First, in pdf Dean v. Mortgage Elec. Registration Sys. (80 KB) , the plaintiffs filed a quiet title suit against MERS and other defendants. But, as the Court points out, the plaintiffs admit that they executed a security deed in favor of MERS, who held record title and later assigned its interest, so the Plaintiff cannot bring a quiet title claim because they do not hold record title. In his decision, Judge Mark H. Cohen of the United States District Court for the Atlanta Division of the Northern District of Georgia, found that MERS and its assignee had a valid interest in the security deed and determined that, “ … on the basis of the facts alleged, Plaintiffs’ Complaint is frivolous and fails to state a claim on which relief can be granted.”

Also, in pdf Johnson v. Mortgage Elec. Registration Sys. Inc. (3.44 MB) , the plaintiff alleged the MERS Security Deed was unenforceable and MERS Assignment to GMAC was invalid because they contained an erroneous legal description of the property. In his opinion, Judge John J. Goger with the Fulton County Superior Court held, “… the Security Deed Plaintiff executed in favor of MERS and that was subsequently transferred to GMAC is valid and binding …” The court reasoned that the error in the legal description had no effect on the validity of security deed because it was merely a typographical error, and MERS and its assignee therefore had authority under the security deed to enforce its terms.

Both decisions cited a 2013 Georgia Court of Appeals decision, pdf Montgomery v. Bank of America (72 KB) , which affirmed that MERS, as the grantee named in the security deed, has an interest in and the authority to assign the security deed.

“We are pleased to see the validity of MERS’ role as grantee under the security deed is becoming well established in Georgia law and that claims to the contrary are being rejected as frivolous,” said MERSCORP Holdings Director, Corporate Communications, Sandra Troutman. “Courts in Georgia and across the country are consistently holding that MERS has a valid interest in security instruments and the authority to assign that interest.”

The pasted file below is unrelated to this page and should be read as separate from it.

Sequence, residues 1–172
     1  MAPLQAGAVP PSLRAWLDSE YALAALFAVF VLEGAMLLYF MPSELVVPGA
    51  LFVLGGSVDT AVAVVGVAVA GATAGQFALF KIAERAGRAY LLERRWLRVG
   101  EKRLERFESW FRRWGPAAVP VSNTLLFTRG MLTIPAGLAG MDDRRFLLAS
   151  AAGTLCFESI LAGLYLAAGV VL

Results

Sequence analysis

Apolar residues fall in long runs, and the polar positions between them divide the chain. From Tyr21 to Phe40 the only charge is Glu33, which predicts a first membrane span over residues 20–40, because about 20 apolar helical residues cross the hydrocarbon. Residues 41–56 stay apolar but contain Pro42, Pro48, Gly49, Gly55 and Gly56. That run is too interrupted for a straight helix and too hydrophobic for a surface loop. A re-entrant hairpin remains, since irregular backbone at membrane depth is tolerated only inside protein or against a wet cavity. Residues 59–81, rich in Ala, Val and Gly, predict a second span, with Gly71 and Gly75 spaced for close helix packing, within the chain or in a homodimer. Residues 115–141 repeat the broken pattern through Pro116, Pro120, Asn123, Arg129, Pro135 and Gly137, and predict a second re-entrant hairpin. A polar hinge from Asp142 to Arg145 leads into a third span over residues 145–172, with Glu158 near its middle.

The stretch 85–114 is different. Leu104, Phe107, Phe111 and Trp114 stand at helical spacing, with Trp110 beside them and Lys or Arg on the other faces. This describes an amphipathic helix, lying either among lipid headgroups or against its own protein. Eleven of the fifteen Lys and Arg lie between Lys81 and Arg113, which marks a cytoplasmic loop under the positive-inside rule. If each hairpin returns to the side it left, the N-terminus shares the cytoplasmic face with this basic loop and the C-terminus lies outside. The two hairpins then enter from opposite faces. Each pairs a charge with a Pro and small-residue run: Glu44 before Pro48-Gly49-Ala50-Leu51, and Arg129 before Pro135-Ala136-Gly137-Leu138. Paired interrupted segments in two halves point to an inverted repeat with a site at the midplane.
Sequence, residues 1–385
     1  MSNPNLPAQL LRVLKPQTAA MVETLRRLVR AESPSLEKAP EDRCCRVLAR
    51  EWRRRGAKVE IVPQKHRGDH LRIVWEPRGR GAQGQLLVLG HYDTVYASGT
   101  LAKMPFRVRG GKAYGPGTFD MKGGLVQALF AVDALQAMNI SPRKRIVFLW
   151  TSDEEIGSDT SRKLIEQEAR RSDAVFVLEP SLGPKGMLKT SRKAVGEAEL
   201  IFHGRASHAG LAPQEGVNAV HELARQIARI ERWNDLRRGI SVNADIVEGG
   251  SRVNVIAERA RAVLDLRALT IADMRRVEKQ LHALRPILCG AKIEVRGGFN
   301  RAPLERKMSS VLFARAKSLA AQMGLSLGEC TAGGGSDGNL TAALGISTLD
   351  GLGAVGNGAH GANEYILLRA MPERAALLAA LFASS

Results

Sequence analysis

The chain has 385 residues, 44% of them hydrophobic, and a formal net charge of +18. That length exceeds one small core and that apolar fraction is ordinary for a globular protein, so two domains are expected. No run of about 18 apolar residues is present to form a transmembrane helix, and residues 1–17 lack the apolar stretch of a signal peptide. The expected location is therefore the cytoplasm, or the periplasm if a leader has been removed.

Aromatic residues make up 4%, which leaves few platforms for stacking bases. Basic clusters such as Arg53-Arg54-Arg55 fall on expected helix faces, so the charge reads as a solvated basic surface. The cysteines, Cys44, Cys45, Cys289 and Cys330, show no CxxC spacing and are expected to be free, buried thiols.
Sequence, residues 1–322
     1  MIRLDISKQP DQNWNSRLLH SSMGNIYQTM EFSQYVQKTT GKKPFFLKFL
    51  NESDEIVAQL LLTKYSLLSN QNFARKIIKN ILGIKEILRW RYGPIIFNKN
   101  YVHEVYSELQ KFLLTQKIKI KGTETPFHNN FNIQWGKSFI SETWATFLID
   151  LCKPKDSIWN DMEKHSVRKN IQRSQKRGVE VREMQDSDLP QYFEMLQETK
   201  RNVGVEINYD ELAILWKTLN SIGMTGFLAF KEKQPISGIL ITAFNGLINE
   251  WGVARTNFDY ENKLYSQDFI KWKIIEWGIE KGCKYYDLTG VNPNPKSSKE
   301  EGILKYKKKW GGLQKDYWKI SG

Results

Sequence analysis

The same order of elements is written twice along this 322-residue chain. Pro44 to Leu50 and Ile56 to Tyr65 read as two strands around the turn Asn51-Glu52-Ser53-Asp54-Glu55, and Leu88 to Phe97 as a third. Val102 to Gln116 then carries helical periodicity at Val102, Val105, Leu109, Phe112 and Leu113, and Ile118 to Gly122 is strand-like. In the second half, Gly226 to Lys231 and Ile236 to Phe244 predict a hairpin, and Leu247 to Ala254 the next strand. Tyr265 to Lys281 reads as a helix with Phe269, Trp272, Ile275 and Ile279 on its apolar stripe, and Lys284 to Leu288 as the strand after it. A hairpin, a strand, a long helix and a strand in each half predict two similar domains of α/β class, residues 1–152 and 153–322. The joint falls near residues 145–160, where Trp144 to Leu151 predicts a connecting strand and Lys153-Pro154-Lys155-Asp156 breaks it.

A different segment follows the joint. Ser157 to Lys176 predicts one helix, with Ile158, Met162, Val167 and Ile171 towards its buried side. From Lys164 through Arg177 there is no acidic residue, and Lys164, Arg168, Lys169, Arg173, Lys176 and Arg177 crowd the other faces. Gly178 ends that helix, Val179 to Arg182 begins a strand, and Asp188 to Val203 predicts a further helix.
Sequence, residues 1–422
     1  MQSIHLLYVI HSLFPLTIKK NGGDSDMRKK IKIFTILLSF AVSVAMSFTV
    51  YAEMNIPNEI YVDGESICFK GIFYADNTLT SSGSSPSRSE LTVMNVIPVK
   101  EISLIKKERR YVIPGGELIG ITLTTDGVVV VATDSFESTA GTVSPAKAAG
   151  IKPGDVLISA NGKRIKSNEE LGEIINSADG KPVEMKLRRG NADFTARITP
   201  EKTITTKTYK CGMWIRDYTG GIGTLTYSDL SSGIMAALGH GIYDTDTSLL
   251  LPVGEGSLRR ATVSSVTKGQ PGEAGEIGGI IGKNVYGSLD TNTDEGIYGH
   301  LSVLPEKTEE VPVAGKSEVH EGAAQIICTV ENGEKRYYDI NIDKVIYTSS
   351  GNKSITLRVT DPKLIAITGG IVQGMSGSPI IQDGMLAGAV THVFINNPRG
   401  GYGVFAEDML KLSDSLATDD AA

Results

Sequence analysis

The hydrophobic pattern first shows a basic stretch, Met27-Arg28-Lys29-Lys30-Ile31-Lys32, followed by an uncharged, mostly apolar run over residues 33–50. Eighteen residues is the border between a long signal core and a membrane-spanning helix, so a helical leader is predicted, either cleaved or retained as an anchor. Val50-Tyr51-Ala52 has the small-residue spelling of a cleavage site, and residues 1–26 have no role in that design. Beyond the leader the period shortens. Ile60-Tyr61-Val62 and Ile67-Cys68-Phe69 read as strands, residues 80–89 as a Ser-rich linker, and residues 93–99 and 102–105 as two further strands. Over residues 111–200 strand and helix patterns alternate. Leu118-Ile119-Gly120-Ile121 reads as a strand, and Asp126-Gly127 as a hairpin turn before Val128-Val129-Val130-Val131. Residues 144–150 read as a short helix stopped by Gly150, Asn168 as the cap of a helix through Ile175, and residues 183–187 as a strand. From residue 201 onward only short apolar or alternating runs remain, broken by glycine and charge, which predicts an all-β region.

For descriptions of cases and other materials pertaining to MERS’ business model and role in U.S. housing, please visit www.mersinc.org.

###

MERSCORP Holdings, Inc. is a privately held corporation that owns and manages the MERS® System and all other MERS® products. It is a member-based organization made up of thousands of lenders, servicers, sub-servicers, investors and government institutions. Mortgage Electronic Registration Systems, Inc. (MERS) serves as the mortgagee in the land records for loans registered on the MERS® System, and is a nominee (or agent) for the owner of the promissory note. The MERS® System is a national electronic database that tracks changes in mortgage servicing and beneficial ownership interests in residential mortgage loans on behalf of its members.

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Click here to proceed.